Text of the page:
A robot operated on a human eye for the first time ever

A robot operated on a human eye for the first time ever

Humans, we best watch out. Surgeons have used a robot to conduct eye surgery for the first time ever.

The trial took place at Oxford’s John Radcliffe hospital and was published in Nature Biomedical Engineering. 12 patients were involved, half of them were operated on normally, while the other half were insane enough to say “yes” when asked if they’d be happy with a robot helping out.

Using devices designed by PRECEYES, a Dutch medical robotics firm, the procedure involved removing a membrane from the back of the eye. Not a particularly rock’n’roll surgery, but, importantly, it was a success.

Even though the median time for the robo-surgery was longer (four minutes and 55 seconds) than the regular method (one minute and 20 seconds), those involved could barely contain their excitement at the results. Specifically, they exclaimed how the surgeon using the robot was “able to perform the procedure with equal or better efficacy than in the traditional manual approach.” You can smell the jubilation.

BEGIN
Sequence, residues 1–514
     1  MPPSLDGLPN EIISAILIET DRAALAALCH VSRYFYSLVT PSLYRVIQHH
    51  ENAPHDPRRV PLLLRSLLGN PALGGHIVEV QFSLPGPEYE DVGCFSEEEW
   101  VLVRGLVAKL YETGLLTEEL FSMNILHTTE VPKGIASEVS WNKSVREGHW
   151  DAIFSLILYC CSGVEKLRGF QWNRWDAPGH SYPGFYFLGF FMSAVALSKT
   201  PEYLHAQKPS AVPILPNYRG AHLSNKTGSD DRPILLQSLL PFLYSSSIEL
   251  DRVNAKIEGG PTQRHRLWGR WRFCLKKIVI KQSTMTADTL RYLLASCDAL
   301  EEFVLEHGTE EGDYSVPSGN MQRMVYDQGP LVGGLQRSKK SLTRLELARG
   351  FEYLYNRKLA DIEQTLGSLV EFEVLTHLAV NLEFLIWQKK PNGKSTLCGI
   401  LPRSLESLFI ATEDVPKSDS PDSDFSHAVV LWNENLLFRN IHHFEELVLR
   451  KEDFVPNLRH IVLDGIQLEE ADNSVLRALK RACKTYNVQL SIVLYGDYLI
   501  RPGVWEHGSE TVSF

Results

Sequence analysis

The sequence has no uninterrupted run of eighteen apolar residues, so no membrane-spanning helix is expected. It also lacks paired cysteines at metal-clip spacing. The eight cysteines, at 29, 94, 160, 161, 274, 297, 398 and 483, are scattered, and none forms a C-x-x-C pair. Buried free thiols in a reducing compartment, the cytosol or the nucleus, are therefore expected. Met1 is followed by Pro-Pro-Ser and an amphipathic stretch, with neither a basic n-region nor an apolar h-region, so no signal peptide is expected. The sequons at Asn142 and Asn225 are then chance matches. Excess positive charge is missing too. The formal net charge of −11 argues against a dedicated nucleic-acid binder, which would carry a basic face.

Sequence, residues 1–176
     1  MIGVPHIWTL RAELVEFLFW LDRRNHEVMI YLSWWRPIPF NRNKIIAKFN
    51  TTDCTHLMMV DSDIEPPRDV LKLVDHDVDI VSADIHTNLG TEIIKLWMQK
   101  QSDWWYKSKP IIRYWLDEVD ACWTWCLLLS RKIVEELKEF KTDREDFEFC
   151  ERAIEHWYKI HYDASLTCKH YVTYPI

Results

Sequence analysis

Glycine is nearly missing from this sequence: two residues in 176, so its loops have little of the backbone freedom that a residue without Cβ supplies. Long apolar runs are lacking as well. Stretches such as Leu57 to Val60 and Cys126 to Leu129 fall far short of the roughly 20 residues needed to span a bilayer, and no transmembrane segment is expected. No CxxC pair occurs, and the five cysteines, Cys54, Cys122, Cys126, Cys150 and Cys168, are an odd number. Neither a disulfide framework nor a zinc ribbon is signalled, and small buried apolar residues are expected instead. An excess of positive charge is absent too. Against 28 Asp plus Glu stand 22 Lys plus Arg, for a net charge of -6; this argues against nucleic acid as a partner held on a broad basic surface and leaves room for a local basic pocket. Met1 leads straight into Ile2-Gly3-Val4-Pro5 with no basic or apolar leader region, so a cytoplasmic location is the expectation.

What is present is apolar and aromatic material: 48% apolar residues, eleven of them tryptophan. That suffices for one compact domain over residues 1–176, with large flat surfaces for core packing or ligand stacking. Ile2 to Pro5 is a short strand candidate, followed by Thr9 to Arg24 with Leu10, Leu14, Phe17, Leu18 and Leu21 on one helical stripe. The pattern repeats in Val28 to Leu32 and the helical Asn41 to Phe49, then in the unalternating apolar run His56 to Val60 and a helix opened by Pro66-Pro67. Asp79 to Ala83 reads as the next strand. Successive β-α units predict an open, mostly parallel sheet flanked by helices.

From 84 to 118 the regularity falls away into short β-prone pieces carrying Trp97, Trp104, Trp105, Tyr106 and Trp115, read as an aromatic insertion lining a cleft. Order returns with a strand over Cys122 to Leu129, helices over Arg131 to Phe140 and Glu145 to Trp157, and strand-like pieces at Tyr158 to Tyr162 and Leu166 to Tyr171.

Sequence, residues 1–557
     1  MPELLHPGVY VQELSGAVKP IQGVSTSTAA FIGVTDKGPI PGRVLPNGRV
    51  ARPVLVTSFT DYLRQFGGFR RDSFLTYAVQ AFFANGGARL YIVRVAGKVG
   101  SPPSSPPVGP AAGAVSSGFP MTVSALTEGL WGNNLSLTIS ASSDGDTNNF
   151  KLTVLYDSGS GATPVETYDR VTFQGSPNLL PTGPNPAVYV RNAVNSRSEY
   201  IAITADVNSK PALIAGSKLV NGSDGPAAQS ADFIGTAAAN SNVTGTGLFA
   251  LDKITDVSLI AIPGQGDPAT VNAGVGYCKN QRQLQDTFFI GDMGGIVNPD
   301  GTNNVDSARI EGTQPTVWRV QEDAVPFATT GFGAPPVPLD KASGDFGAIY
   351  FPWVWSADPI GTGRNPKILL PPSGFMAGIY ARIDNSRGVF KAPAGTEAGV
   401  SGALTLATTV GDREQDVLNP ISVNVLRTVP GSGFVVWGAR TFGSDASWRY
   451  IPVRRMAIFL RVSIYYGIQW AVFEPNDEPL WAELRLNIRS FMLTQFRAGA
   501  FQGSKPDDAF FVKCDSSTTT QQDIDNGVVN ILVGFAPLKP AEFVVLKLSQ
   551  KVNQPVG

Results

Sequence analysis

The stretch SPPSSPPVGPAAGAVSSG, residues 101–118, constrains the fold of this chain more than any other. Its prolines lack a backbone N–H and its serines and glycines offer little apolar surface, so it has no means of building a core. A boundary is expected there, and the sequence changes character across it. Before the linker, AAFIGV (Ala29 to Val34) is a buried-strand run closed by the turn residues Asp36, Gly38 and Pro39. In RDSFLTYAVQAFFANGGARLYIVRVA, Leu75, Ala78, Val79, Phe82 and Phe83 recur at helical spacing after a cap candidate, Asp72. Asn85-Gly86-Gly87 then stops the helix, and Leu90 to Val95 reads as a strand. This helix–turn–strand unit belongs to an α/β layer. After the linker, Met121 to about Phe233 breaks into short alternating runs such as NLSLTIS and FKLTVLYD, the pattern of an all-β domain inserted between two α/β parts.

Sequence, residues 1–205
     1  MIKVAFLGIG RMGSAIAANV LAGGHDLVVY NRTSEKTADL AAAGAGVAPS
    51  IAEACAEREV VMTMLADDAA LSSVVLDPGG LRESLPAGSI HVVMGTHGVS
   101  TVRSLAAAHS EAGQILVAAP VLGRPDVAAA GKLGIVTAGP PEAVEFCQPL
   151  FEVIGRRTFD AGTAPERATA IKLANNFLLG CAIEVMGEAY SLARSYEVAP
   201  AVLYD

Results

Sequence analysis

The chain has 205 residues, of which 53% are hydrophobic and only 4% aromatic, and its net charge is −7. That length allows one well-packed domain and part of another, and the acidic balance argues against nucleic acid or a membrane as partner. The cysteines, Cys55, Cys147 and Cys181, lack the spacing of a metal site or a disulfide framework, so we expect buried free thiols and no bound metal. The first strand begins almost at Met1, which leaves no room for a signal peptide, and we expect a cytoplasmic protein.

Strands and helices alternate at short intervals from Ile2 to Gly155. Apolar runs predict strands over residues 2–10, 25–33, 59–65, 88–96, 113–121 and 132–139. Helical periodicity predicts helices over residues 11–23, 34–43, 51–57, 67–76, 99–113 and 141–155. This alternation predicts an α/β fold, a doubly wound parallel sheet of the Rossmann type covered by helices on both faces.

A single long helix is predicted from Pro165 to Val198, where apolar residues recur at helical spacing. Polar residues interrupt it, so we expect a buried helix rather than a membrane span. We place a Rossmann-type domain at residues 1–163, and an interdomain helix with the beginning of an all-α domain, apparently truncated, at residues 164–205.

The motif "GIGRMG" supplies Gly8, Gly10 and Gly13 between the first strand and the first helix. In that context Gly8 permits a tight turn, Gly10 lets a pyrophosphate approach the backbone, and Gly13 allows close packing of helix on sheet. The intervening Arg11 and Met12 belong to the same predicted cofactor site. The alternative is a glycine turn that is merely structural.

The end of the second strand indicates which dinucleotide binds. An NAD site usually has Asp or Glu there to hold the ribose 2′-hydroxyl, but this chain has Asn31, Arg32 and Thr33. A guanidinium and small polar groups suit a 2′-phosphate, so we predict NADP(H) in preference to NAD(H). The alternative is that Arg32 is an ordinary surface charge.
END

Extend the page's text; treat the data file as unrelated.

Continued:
Robert MacLaren, Professor of Ophthalmology at the University of Oxford, said that the trial “showed that the robot has great potential for extending the boundaries of what [they] can currently achieve.” He went onto say that their “next step will be to use the robotic surgical device for precise and minimally traumatic delivery of a gene therapy to the retina, which will be another first-in-man achievement and is set to commence in early 2019.”

In other words, this technology might become key in treating forms of blindness. Bring on the future.

What I really love about this news is that it’s not a piece of research or future-gazing, it’s actually happened. Machines have such huge potential in medicine, especially in delicate operations like this, so seeing it become a reality is heartwarming. For once, I’m actually happy with robots.

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